Yes, definitely make up a scant few boxes or use a bounce box and don't carry the entire guidebook at once. You'll want replacement shoes along the way, at least, there are a couple of places where it's nice to get a food drop, and you might want to swap some clothing/gear along the way based on expected average temperatures. Five resupply boxes worked really well on the AT for me (NOBO, but not sure that matters).
What's your strategy for dealing with bugs at night?
I'm not a fan of the hiking staff approach; I like them if I'm doing river walking (I mean walking for extensive periods right in the river) but otherwise I don't see the point — a staff IMO doesn't at all do the same thing for you that a pair of trekking poles does. It's not 'useless', just I wonder exactly what the intended use is relative to the weight/hassle.Mar 11, 2013 at 3:38 pm #1964394
Gabe DBPL Member
Already had a nice leather cowboy hat, but it will probably be too hot… I will search around for a more breathable one.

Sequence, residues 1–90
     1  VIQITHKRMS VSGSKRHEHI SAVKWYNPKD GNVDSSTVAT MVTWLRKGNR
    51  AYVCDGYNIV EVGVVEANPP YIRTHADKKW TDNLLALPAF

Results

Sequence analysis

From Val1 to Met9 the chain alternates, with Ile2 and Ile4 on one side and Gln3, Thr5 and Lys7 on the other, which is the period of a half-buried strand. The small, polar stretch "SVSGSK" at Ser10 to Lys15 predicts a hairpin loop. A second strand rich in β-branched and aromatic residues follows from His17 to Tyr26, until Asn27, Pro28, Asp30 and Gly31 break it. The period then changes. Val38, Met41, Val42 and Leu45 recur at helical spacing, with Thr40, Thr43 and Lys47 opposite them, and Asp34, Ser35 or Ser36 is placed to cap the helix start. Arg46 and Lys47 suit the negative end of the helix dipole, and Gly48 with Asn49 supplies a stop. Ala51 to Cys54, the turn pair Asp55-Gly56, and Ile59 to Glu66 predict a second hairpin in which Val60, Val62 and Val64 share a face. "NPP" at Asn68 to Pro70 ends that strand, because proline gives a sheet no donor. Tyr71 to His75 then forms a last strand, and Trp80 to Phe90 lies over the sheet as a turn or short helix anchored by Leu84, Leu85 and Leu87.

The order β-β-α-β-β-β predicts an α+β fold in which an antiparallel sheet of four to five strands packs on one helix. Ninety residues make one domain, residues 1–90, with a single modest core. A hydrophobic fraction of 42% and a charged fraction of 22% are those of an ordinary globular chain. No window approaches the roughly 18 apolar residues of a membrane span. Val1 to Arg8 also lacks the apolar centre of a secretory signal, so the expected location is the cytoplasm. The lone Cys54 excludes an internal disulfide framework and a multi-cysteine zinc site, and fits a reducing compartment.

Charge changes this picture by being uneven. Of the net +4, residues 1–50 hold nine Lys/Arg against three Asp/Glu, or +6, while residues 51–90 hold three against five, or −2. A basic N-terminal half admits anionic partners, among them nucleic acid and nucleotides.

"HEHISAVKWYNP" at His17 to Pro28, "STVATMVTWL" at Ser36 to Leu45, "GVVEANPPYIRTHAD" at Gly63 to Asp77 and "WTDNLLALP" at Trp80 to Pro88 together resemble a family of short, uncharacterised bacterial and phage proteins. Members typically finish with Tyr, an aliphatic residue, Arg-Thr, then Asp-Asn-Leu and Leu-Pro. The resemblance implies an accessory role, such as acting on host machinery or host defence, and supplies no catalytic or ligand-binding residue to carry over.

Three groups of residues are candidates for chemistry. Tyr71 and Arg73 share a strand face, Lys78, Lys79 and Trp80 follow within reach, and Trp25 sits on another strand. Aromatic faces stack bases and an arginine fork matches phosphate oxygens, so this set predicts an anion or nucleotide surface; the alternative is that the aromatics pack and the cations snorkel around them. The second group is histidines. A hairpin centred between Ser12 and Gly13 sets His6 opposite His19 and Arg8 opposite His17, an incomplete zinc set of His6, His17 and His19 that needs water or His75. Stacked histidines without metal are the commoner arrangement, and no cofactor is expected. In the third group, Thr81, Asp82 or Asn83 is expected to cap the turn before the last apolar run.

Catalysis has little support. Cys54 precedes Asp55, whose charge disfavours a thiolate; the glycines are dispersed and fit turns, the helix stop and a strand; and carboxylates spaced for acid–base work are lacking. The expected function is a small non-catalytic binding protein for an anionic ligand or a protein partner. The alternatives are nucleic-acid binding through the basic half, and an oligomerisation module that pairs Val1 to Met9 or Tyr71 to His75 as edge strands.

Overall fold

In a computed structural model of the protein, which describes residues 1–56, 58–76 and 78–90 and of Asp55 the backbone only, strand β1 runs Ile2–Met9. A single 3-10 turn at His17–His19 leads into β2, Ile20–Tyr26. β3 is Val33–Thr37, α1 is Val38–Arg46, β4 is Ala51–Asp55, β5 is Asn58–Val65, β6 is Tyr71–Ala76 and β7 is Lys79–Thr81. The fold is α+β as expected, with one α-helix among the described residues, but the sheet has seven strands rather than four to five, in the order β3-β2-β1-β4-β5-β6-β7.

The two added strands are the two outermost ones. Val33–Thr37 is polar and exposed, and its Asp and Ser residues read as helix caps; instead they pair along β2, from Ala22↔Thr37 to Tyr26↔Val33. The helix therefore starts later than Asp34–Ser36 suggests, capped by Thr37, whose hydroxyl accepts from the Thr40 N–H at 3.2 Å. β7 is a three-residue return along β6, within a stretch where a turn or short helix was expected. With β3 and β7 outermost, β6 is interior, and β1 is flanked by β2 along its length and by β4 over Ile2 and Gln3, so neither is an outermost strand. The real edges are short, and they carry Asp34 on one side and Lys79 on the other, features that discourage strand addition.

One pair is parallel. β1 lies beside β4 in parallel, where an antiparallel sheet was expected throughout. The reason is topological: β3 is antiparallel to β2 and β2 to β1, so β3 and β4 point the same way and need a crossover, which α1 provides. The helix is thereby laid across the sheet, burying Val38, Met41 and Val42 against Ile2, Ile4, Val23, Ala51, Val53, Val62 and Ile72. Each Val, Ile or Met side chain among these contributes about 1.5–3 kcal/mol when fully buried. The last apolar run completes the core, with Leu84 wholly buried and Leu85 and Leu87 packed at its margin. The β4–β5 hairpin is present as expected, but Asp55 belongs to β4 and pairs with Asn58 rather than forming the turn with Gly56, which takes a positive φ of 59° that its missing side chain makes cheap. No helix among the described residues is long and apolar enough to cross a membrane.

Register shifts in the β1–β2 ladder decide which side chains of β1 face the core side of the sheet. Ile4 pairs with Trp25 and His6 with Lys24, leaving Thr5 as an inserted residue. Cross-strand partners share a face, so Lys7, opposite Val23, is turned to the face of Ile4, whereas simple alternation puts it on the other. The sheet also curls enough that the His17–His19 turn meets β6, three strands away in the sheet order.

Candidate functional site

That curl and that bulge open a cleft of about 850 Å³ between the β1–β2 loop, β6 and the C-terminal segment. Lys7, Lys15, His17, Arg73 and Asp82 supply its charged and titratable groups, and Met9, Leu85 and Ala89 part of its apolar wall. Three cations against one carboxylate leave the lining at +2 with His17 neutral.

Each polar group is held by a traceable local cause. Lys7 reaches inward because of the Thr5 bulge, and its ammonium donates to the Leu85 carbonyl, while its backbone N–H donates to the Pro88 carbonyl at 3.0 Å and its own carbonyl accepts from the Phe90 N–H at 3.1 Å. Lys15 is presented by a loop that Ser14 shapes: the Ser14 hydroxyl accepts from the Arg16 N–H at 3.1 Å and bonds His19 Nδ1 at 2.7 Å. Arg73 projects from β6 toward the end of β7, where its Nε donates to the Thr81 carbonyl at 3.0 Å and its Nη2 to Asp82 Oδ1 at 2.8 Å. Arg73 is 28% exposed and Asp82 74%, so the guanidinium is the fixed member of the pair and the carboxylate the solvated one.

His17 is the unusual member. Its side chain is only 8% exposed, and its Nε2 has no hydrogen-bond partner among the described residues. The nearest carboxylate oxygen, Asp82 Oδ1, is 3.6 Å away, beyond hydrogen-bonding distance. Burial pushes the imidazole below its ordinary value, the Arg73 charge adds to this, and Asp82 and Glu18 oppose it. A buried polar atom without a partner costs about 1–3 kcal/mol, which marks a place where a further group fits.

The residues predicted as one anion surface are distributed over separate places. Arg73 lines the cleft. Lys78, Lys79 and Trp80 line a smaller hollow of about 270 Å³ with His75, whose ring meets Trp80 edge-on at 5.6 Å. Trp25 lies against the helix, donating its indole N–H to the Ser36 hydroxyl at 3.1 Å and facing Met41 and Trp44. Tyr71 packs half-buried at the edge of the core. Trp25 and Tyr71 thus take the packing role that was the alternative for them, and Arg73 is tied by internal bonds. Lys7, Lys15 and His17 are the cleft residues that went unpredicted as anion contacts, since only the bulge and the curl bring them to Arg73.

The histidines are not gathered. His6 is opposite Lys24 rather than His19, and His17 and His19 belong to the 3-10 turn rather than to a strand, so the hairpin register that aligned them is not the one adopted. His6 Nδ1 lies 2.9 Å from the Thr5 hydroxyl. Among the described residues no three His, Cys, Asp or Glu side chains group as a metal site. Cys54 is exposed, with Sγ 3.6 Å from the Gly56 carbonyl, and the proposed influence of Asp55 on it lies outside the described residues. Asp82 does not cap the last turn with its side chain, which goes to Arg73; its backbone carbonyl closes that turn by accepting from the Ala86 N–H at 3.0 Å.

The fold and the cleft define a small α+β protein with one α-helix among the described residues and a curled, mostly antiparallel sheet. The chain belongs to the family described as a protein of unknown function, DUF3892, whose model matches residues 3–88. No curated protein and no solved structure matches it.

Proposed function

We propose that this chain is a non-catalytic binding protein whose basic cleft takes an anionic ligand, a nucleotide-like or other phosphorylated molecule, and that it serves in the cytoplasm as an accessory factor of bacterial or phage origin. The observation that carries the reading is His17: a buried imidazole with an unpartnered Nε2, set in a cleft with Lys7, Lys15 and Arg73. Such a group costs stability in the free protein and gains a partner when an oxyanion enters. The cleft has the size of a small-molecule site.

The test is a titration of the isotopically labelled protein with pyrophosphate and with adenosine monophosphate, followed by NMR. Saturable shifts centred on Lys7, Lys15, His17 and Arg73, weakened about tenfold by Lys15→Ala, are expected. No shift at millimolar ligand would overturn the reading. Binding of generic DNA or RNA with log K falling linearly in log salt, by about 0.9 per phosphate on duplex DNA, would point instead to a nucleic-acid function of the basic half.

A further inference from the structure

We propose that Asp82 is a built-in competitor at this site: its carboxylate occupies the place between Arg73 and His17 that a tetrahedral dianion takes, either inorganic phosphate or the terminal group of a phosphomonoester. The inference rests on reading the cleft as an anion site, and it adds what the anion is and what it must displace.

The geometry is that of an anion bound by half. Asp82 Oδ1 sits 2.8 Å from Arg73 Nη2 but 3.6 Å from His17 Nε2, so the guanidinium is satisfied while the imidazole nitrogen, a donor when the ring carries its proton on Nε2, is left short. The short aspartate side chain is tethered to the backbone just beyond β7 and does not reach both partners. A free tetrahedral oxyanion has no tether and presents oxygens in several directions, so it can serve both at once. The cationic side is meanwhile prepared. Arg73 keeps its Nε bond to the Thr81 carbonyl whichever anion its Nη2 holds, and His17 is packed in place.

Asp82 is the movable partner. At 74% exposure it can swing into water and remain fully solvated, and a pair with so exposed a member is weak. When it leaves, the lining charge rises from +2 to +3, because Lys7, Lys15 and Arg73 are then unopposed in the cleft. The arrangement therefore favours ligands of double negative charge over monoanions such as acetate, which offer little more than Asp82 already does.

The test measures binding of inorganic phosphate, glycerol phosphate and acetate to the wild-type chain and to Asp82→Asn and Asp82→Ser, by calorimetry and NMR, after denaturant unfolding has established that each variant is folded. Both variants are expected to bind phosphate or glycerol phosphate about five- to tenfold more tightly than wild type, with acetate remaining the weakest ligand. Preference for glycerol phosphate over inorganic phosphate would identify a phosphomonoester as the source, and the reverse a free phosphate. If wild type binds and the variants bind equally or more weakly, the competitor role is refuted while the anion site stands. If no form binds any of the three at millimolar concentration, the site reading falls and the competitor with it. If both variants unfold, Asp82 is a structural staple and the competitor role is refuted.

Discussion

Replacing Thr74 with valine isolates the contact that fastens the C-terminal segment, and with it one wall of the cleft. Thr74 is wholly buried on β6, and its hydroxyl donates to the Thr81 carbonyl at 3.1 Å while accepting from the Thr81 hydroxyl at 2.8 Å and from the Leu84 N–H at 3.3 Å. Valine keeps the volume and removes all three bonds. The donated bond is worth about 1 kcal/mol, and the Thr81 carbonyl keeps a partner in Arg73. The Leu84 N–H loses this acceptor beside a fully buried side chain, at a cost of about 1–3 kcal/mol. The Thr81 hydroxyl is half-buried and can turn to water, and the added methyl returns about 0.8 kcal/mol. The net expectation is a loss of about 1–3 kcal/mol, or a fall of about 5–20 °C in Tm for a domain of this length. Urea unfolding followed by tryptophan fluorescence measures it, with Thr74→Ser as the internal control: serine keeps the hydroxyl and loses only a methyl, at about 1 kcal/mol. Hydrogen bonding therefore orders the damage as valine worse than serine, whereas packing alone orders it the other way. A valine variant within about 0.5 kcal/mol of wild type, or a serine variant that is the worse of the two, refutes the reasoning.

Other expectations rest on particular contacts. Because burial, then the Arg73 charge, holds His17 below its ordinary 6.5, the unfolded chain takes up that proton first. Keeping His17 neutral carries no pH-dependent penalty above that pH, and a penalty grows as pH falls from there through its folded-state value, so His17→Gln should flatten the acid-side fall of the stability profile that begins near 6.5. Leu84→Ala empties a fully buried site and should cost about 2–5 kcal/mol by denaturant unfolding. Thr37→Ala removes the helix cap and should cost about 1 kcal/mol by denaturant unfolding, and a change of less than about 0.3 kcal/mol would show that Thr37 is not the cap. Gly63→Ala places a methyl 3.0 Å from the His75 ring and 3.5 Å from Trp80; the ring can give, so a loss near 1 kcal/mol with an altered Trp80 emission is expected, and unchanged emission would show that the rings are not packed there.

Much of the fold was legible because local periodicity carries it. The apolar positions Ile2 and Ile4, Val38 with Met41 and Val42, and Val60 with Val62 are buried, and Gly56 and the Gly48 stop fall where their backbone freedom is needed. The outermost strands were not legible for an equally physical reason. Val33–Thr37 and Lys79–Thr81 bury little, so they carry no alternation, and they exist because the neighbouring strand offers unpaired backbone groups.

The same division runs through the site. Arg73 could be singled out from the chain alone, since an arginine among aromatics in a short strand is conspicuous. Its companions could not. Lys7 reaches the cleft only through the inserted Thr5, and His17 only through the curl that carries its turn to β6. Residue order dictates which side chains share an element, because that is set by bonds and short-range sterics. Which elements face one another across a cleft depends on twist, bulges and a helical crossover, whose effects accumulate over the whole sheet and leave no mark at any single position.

About the jacket: Don't know why I called it a thermal jacket, it is a fleece jacket. I was not sure just what temperatures I would find on the trail and knew that fleece held up better in the rain. From what I hear, you are going to get really wet in the northern regions of the trail.
I will have at least two, if not more, 32 oz bottles on me at all times, the list does show a "2" in in the quantity section.
"What's your strategy for dealing with bugs at night?"
Premithrin soaked clothes and a bug net on my bivy, is there something else I should look for?
The list is complete besides for lines and spikes for the tarp.Mar 11, 2013 at 4:21 pm #1964409
Jake DBPL Member
I agree with the wood stove.. some areas are not allowed to have fires.. ie wilderness areas of NH, all of Connecticut.. also do you want to be outside of the shelter using a wood stove in the rain or in a shelter using a canister stove? (by shelter i mean the AT shelters.. not your tarp.. you will use the shelters plenty they make life easier and SOBO they won't be as busy)
hiking poles are personal preference.. if you need 2 poles for your tarp then normal hiking poles will probably be more useful. my tent needs 2 poles and i prefer 2 poles for hiking anyway.